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In the small towns of northeast Louisiana, it’s usually not hard to tell whether farmers are having a good year or a bad year. When the harvest is bountiful and commodity prices are good, nearly everyone – farmer or not – seems to have a little more money to spend.
Rice, sugarcane and sweet potatoes are staple crops around the world. Here at home, they’re signatures of Louisiana cuisine and culture. Together, those three crops annually contribute about $1.5 billion to the state’s economy — a sizeable impact that wouldn’t be possible without the LSU AgCenter.
The LSU AgCenter Food Incubator is a one-stop resource center for people looking to break into the food business and put sellable, high-quality products on store shelves. The incubator puts within reach of entrepreneurs the tools to test, produce, package and market foods.
It is not unusual for healthy habits to take a back seat to summer activities. Youngsters may stay up later and sleep in more. But with schools in session again, LSU AgCenter nutritionist Denise Holston-West says parents should reestablish good habits.
It only takes one sick plant to spoil the looks of your home landscape or your garden. But before you attempt to treat, you need to find out what's going on from an expert in plant diagnostics. And that's when you want to turn to the LSU AgCenter’s own "plant doctor," Raghuwinder Singh.
The Louisiana Sugar Planters Association hired William Carter Stubbs away from Alabama in 1885 to director a Sugar Experiment Station, which was the beginning of agricultural research in Louisiana.
Since its establishment in 1991, the LSU AgCenter Office of Intellectual Property has grown to be the leader in commercialization of intellectual property within the LSU System and, in fact, within higher education in Louisiana.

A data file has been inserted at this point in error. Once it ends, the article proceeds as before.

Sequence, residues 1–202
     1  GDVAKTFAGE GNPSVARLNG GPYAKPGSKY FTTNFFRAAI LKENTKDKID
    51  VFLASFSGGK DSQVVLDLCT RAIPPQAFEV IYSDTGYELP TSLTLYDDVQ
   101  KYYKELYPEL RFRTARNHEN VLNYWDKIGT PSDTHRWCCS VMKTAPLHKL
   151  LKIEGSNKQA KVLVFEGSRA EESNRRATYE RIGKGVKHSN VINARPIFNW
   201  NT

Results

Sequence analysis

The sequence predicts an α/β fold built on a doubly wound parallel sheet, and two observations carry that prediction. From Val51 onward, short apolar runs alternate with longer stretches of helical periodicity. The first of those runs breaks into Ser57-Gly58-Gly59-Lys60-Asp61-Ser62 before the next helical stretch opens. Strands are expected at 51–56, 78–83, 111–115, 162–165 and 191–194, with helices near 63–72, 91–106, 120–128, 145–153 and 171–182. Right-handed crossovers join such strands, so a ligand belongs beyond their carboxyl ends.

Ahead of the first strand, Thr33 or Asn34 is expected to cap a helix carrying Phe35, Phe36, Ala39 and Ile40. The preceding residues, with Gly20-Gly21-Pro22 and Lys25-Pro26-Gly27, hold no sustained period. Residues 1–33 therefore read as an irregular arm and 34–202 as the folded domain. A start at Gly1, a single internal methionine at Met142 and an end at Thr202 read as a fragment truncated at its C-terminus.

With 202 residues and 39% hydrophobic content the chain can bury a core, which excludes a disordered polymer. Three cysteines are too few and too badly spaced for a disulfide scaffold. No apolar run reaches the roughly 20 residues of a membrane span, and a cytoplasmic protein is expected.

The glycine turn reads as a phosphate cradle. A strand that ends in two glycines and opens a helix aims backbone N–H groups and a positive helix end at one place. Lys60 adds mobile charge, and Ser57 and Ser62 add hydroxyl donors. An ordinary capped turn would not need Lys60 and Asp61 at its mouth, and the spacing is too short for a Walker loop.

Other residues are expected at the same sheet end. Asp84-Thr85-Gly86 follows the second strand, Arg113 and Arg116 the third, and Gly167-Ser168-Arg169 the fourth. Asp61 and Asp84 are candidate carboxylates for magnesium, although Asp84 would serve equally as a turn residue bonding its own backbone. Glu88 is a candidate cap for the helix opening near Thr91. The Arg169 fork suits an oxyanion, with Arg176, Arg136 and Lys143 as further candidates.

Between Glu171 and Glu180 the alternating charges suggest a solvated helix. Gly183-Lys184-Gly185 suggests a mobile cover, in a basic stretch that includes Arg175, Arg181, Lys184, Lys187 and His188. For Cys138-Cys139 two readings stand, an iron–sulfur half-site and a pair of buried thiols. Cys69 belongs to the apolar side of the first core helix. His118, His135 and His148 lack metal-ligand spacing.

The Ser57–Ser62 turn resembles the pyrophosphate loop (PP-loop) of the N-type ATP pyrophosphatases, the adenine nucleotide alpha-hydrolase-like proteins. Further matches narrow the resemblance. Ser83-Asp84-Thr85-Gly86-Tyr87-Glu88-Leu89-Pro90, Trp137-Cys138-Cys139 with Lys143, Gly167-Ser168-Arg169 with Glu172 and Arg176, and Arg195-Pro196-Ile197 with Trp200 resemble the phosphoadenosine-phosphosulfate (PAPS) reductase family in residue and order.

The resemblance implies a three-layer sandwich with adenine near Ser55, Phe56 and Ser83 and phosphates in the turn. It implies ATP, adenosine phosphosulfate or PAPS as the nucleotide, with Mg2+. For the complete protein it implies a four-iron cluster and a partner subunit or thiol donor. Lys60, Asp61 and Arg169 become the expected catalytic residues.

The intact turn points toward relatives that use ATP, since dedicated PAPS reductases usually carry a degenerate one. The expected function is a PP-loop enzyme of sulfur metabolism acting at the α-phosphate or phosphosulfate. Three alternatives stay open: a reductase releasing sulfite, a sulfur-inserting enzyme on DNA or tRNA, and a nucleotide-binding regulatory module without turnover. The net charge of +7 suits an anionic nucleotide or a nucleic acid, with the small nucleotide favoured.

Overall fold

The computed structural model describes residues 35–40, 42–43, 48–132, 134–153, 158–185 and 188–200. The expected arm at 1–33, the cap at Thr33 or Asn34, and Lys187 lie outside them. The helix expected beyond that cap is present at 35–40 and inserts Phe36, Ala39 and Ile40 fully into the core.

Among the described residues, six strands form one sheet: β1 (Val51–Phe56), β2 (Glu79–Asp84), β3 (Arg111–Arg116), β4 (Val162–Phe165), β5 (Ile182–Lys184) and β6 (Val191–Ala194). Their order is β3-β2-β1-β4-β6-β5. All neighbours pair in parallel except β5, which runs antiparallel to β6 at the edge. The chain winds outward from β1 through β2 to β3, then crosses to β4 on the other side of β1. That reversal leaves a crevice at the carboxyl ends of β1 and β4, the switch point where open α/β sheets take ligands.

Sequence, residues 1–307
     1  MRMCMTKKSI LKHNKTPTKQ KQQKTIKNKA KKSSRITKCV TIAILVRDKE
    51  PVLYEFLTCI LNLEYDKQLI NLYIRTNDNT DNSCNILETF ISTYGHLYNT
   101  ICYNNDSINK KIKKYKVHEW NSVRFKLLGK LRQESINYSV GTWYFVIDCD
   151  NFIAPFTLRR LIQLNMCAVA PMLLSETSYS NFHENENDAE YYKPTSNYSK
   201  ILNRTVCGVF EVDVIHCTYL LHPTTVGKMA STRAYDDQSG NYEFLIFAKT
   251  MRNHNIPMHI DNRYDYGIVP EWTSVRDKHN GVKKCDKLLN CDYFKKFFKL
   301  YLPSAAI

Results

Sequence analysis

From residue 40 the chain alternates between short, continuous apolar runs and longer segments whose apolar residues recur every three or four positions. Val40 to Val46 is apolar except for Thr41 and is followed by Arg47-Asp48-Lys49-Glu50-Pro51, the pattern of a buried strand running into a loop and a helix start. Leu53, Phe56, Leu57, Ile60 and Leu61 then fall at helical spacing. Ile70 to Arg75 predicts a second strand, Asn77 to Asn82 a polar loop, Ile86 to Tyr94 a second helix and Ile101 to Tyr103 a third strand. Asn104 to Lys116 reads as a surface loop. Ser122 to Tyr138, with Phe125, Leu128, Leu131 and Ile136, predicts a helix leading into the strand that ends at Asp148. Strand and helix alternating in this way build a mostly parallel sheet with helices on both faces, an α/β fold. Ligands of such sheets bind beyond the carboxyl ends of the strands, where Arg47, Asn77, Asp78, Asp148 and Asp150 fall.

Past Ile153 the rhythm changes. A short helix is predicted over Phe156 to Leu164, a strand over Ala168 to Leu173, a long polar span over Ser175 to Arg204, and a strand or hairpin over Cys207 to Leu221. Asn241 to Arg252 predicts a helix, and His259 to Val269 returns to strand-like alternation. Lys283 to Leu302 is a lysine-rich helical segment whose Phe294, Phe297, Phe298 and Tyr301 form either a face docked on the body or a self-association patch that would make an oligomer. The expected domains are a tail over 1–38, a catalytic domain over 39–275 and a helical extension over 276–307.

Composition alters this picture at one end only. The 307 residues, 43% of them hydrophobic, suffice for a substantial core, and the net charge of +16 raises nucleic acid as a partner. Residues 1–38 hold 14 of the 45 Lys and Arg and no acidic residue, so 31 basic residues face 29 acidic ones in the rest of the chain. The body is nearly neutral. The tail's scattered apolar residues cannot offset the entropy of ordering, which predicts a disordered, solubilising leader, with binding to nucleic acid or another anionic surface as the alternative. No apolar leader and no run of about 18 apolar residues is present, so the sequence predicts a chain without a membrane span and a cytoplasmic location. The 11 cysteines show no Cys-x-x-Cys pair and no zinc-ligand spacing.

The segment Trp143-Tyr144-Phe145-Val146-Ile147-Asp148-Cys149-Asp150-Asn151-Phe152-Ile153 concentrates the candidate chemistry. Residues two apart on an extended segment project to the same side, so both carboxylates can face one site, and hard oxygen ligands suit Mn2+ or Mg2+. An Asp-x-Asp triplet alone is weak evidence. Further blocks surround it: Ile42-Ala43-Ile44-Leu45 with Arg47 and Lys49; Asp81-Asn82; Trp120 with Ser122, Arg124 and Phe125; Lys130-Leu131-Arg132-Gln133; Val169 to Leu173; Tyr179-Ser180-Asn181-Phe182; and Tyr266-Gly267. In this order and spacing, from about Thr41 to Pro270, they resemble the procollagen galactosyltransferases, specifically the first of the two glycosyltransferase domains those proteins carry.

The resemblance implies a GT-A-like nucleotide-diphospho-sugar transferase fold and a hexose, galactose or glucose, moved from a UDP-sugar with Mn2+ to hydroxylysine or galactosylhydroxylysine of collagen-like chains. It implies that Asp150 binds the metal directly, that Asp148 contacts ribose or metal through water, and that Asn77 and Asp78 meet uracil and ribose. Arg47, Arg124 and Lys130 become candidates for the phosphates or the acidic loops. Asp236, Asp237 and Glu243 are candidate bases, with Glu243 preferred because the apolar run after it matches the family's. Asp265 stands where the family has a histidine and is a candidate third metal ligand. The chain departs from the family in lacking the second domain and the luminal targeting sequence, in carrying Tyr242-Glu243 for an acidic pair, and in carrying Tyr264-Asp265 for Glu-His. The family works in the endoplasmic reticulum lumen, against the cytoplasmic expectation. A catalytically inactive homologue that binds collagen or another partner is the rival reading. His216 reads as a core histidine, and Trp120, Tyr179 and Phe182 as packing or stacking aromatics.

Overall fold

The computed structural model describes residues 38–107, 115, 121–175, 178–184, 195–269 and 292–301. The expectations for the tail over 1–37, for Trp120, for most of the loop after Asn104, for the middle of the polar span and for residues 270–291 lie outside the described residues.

In 2012, we celebrated 125 years of research excellence at the LSU AgCenter through the Louisiana Agricultural Experiment Station, which was established in 1887. That was the year Congress passed the Hatch Act, which provided federal funding to support agricultural experiment stations at the nation’s land-grant colleges.
Not only do Louisiana strawberries taste good. They’re good for the state’s economy. And this year Louisiana strawberry growers once again are producing a delicious crop.
LSU AgCenter scientists continue to add weapons to their arsenal as they battle the spread of the Formosan subterranean termite. And they’re making headway. This pest voraciously consumes wooden structures and woody plants and causes millions of dollars in damages.
Community gardens are blossoming in Shreveport neighborhoods and providing access to cheap, healthy food for the people who live there.
Pointy and pretty, no flower quite has the petal power of poinsettias at the holidays. And the selection would be far fewer in Louisiana were it not for the LSU AgCenter. Although AgCenter horticulturists do not develop new varieties of poinsettias, they do evaluate the varieties that come on the market and test them for their suitability to grow here.
Louisiana has gained a reputation as producing the best sweet potatoes in the world. And there will be plenty available for the 2011 holiday season.